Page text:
The mission – a partnership comprising international and Ukrainian media and press freedom organisations, including WAN-IFRA – found clear evidence that journalists, other media workers, and media organisations are being directly targeted and attacked because of their work.
As the violence escalated in Kiev, the mission was forced to move locations, with the original hotel base now operating as a makeshift hospital and morgue.
But the partnership continued gathered substantial evidence during the mission, concluding that there is a culture of impunity in Ukraine caused by a failure to investigate and prosecute crimes against journalists, media workers, and media organisations. And that the authorities have engaged in blocking, censoring and obstructing news organisations and news content, particularly during the current demonstrations and protests.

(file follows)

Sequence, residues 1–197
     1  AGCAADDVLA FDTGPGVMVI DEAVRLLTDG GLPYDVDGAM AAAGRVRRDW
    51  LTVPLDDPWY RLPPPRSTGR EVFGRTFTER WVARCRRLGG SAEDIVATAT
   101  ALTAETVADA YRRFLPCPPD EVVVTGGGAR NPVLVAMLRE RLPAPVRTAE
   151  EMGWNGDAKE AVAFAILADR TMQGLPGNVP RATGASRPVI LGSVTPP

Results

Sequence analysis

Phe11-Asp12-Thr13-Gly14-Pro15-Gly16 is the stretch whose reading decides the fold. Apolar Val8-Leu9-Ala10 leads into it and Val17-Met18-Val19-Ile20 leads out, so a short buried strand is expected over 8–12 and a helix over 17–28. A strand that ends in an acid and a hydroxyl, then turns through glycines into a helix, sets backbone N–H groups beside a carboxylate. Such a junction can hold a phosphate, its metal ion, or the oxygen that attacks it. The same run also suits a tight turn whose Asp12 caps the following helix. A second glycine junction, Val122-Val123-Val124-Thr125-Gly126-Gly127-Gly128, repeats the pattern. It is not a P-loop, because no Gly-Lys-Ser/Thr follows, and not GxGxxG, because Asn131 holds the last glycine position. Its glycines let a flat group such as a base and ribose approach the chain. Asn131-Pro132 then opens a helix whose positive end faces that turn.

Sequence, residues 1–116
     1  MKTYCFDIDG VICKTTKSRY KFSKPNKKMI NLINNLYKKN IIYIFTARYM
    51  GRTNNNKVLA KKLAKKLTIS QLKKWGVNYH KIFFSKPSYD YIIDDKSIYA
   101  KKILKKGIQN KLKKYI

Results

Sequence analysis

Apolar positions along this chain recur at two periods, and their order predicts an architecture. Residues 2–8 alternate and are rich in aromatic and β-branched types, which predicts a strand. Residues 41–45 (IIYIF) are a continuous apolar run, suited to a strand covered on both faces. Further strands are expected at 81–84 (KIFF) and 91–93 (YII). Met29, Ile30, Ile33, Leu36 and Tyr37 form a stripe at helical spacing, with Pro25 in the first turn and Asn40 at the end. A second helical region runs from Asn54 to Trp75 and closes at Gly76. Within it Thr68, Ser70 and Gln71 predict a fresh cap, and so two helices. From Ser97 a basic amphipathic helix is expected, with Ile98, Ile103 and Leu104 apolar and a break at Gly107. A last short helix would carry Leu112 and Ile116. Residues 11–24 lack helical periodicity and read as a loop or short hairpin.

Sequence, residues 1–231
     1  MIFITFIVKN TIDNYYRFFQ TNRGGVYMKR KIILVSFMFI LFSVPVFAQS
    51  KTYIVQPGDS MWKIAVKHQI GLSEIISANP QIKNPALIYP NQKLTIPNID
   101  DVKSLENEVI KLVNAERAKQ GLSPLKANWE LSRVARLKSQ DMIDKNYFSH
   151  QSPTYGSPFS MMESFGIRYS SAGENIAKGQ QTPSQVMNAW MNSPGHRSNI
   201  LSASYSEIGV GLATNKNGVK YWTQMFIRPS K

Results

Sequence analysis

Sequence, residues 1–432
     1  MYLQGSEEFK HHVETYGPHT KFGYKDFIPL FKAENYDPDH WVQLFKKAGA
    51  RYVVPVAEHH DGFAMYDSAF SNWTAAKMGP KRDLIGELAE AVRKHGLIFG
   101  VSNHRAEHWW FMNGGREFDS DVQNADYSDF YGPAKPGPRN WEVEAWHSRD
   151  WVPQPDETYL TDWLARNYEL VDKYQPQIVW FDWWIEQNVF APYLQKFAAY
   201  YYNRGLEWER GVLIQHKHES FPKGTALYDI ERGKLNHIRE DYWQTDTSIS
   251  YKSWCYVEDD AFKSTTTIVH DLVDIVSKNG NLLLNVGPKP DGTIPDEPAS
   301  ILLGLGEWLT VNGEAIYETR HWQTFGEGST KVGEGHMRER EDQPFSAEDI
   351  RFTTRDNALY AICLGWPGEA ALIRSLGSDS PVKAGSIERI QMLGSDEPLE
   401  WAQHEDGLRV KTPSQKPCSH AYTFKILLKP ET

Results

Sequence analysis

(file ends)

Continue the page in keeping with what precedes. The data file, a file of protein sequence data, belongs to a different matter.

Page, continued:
Similarly, the mission found that economic pressure and other indirect methods of inhibiting and discouraging critical reporting continue to be employed by Ukraine authorities.
WAN-IFRA’s Deputy CEO Larry Kilman has told the Editor’s Weblog that the press freedom partnership was caught up in the conflict. “…our meeting at the journalists’ union was cut short as the situation deteriorated, and we spent the afternoon at the fortified offices of the Organisation for Security and Cooperation in Europe,” he said. “We’re now in a safe airport hotel (but) our former hotel is now a makeshift hospital and morgue.”
The mission’s formal investgiations concluded with this message: “(We) respectfully remind the Ukraine government that it is the duty of the state to protect all citizens, including journalists, and to ensure that journalists and media organizations can carry out their duties without fear of violence or harassment.”
According to the latest update from Kiev, one journalist has died in the violence and 167 have been reported injured.